A group of deaf people in Cleveland sued the National Football League, claiming that the “blackout rule” prohibiting television broadcast of home football games that had not been sold out at least 72 hours before the game violated the rights of the hearing-impaired. (The games can be broadcast on radio, but that does not do deaf people a lot of good). A federal judge ruled in February that the blackout policy does not discriminate, since it treats deaf and non-deaf people equally.

The ADA has done little to help the severely disabled; only 14% of ADA complaints to the EEOC so far have concerned highly-visible disabilities such as blindness, deafness, or being wheelchair-bound. Handicapped-rights activist William Bolte recently noted: “The most frequent employment complaint under the ADA is from those already employed who only discover that they are disabled when facing dismissal or passed over for promotion.”

Perhaps worst of all, the Disabilities Act is not in the interest of many handicapped Americans.

Medical and rehabilitation professionals seek to minimize the number of truly disabled people. But the ADA has turned disabilities into prized legal assets, something to be cultivated in courtrooms for financial reward. The ADA creates a powerful incentive to maximize the number of Americans who claim to be disabled, since the claim of disability amounts to instant empowerment in the eyes of the law. University of Rochester Professor Walter Y. Oi (who himself is blind) observes: “The ADA will result in an inflated population of disabled persons whose welfare will become increasingly dependent upon an ever growing federal bureaucracy.”

America has made great and laudable progress in treating the handicap with greater respect and consideration in recent decades. But the ADA is a step backwards because it sets up bureaucrats, lawyers, and judges as czars over private voluntary agreements. And enlightened despotism-even for a good cause-is not the path to progress.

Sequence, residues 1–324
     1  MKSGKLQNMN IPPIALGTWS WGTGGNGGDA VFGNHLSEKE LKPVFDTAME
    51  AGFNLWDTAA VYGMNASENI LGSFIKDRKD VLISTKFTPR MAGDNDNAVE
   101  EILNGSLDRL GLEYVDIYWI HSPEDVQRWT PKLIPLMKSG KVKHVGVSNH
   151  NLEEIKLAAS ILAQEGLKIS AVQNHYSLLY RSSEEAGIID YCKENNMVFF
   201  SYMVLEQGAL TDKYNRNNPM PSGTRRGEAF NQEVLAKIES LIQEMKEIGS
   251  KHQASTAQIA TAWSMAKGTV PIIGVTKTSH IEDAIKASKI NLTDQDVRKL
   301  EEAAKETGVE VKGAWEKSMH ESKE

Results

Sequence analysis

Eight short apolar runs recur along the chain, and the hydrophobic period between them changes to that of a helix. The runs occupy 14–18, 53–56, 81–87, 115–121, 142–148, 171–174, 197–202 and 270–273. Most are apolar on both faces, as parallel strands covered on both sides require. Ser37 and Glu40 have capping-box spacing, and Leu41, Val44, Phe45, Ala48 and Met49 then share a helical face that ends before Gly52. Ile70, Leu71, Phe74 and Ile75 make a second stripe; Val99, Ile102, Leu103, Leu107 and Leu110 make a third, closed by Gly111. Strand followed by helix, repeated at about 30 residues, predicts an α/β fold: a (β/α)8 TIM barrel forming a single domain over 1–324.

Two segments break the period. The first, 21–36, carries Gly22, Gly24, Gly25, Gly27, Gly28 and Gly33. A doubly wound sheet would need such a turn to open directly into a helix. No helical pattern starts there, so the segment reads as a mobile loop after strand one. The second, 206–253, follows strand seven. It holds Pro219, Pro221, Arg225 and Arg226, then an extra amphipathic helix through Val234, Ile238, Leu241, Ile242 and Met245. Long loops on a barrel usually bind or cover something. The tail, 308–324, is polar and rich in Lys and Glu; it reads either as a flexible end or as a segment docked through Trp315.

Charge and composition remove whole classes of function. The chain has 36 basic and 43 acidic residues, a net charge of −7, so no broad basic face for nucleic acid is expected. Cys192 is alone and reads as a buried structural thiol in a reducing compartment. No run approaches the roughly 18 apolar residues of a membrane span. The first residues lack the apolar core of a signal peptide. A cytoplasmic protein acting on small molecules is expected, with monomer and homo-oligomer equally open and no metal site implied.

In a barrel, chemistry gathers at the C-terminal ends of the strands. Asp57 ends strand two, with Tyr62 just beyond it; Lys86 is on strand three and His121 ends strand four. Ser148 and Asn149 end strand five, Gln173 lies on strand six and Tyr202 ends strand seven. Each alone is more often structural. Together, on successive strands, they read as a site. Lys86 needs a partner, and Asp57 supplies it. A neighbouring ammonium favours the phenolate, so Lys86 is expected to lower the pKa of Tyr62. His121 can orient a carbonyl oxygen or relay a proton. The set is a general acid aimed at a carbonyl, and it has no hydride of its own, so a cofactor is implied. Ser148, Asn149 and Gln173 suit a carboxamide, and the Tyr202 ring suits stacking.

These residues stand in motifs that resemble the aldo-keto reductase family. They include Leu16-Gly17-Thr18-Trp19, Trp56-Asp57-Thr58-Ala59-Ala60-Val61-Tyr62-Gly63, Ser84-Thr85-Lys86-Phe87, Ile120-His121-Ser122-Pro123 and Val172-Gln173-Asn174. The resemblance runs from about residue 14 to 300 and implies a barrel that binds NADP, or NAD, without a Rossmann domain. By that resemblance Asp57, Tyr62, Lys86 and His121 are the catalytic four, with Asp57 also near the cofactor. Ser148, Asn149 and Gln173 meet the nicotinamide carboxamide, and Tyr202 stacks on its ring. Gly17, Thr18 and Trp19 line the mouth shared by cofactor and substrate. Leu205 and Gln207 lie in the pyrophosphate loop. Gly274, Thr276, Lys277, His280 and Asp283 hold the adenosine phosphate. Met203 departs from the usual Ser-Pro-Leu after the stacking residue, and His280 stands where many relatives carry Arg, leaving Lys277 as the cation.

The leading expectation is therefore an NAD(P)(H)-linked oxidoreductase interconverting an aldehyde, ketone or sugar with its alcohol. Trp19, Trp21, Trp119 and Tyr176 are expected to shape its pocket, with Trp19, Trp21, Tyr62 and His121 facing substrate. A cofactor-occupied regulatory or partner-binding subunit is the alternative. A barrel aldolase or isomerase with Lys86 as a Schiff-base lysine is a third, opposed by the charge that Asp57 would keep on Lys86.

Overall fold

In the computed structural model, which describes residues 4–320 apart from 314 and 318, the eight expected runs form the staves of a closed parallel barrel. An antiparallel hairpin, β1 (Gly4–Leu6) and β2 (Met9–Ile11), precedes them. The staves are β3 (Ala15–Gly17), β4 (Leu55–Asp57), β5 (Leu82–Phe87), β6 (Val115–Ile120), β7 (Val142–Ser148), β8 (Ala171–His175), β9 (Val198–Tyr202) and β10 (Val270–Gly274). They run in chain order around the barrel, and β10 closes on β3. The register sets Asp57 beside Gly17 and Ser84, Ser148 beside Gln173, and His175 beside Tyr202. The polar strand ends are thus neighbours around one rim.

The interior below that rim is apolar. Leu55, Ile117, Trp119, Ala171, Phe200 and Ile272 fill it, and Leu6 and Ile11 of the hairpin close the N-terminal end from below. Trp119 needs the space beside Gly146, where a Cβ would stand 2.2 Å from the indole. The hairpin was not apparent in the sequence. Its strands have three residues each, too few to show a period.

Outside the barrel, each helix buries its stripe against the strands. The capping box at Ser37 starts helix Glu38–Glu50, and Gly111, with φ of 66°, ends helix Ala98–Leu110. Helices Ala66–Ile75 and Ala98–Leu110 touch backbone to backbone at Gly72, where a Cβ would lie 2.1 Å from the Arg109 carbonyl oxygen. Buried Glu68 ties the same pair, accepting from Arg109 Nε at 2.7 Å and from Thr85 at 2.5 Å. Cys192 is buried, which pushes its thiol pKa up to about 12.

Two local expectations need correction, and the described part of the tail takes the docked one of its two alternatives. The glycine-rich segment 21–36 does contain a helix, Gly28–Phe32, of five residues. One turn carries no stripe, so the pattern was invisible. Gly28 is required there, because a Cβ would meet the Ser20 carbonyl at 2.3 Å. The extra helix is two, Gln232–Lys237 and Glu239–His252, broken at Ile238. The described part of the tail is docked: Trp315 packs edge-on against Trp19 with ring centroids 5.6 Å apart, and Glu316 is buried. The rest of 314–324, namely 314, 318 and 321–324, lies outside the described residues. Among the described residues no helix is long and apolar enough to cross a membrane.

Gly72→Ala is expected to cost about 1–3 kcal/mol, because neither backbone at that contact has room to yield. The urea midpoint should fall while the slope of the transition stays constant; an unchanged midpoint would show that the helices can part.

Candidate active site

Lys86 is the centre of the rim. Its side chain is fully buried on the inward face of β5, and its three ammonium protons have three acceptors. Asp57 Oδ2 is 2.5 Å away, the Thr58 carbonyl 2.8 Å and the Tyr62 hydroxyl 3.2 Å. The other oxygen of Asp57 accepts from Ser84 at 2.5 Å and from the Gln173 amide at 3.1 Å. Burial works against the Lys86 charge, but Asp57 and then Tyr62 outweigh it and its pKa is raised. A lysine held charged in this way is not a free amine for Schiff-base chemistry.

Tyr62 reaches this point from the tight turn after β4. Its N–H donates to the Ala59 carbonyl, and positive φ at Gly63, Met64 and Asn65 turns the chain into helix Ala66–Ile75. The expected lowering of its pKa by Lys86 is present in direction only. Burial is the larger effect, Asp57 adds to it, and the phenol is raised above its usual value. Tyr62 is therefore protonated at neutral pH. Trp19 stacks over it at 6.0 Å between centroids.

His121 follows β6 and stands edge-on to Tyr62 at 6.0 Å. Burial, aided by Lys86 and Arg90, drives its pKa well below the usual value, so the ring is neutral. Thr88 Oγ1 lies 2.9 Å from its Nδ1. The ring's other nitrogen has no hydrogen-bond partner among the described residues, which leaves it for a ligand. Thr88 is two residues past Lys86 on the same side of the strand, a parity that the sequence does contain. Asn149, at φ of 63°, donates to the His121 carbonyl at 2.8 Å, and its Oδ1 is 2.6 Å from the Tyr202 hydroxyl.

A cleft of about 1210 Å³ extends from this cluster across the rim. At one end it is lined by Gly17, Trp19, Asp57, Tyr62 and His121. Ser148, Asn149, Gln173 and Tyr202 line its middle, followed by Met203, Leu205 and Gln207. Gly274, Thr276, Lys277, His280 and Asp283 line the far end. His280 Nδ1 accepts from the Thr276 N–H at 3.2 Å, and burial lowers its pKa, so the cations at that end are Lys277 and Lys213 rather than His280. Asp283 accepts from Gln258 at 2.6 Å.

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    James Bovard serves as policy advisor to The Future of Freedom Foundation. He has written for the New York Times, The Wall Street Journal, The Washington Post, New Republic, Reader's Digest, Playboy, American Spectator, Investors Business Daily, and many other publications. He is the author of a new e-book memoir, Public Policy Hooligan. His other books include: Attention Deficit Democracy (2006); The Bush Betrayal (2004); Terrorism and Tyranny (2003); Feeling Your Pain (2000); Freedom in Chains (1999); Shakedown (1995); Lost Rights (1994); The Fair Trade Fraud (1991); and The Farm Fiasco (1989). He was the 1995 co-recipient of the Thomas Szasz Award for Civil Liberties work, awarded by the Center for Independent Thought, and the recipient of the 1996 Freedom Fund Award from the Firearms Civil Rights Defense Fund of the National Rifle Association. His book Lost Rights received the Mencken Award as Book of the Year from the Free Press Association. His Terrorism and Tyranny won Laissez Faire Book's Lysander Spooner award for the Best Book on Liberty in 2003. Read his blog. Send him email.